Comprehensive investigations, while extremely useful to identify issues with a building and its components, only provide a snap shot of the building at the time of inspection. Learning how a building functions on a daily basis; its wetting and drying cycles allow us to gain insight into the quality of construction and to more accurately pinpoint current or potential problems. That is where hygrothermal monitoring comes in. Hygrothermal monitoring is essentially the collection of moisture and temperature conditions within the building assemblies over a given amount of time (this could range anywhere from one month to one year).
Sensors embedded within the assemblies take regular measurements of the relative humidity and temperature within the cavity, pressure differences across the cladding and the moisture content of timber components. This data is then transmitted to our computers in the office where we can format and analyse the information – looking for patterns to better understand how the building is performing on a day-to-day basis.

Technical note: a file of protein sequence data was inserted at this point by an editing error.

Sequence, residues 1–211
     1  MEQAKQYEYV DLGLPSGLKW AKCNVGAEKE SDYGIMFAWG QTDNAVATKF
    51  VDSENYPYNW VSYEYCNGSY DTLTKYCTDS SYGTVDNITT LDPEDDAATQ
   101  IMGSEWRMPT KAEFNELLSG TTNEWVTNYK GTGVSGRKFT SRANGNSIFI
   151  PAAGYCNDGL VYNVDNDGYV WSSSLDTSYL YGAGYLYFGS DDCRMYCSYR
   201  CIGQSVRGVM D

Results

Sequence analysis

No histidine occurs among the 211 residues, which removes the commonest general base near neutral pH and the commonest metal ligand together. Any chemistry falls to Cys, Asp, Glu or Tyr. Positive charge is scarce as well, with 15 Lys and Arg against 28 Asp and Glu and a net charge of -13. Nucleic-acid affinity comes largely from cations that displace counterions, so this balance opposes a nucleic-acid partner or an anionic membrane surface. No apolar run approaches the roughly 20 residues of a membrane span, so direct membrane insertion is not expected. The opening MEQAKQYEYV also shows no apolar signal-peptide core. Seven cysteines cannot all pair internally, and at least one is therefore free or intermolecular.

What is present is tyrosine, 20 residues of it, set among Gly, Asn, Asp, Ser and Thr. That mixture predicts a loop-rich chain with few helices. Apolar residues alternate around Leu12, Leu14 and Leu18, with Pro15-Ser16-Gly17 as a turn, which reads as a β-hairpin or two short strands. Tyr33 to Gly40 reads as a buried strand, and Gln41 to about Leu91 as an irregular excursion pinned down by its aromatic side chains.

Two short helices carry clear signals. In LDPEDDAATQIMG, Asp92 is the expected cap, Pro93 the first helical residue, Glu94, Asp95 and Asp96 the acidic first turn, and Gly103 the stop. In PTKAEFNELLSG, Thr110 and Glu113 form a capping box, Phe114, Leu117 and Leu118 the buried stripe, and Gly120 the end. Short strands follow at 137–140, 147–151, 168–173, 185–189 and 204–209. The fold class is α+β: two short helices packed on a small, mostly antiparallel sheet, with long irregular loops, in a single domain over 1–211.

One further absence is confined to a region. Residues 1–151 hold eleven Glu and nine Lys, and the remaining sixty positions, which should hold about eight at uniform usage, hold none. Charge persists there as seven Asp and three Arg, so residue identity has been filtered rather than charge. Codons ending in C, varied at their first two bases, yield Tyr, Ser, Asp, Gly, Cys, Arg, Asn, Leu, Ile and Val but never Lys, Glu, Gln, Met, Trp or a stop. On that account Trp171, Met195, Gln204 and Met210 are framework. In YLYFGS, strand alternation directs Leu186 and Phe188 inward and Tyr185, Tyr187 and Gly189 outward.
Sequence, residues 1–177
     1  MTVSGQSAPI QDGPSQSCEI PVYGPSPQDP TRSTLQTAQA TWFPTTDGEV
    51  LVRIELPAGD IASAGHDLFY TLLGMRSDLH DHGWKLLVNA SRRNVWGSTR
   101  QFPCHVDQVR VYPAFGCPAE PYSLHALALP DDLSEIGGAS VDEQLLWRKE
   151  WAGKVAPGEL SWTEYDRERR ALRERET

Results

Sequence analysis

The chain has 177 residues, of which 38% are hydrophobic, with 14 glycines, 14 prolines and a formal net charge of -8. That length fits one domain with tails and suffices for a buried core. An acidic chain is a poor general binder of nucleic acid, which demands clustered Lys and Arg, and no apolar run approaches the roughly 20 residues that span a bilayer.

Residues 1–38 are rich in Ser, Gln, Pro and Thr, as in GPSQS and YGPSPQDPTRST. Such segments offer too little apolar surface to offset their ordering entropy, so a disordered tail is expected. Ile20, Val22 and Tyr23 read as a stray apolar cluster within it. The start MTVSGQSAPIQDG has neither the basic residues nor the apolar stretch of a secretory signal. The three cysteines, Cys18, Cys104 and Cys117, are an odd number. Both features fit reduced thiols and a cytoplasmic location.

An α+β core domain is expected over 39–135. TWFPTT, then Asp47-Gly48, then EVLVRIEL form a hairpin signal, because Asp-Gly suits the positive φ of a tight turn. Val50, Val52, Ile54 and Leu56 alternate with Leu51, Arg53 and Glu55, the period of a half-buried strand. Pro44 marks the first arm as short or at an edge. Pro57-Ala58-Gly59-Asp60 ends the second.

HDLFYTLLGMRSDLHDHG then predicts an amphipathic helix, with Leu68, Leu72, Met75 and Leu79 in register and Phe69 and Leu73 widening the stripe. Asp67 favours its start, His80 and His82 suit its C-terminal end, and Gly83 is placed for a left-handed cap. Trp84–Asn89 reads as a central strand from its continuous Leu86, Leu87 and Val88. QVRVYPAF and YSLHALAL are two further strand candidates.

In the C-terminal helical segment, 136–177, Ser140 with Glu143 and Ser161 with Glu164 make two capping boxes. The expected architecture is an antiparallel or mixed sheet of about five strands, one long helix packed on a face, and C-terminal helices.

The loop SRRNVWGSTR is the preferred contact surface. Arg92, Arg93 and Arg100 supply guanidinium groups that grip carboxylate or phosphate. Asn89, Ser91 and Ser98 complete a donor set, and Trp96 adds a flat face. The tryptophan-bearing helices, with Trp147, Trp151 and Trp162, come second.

The type and number of sensors used on a project is tailored to suit the goals and scope of that project. However, we try to incorporate a good range of sensors in several locations around the structure to obtain an overall perspective of the building’s performance.
Below are examples of units that have been installed in a current project.
Using a calibrated spray rack we can simulate heavy weather conditions to test the performance of external cladding and windows. The interior is depressurised and a measured amount of water is delivered to the exterior wall. This process allows us to accurately identify where leaks lie and where water runs.Back to top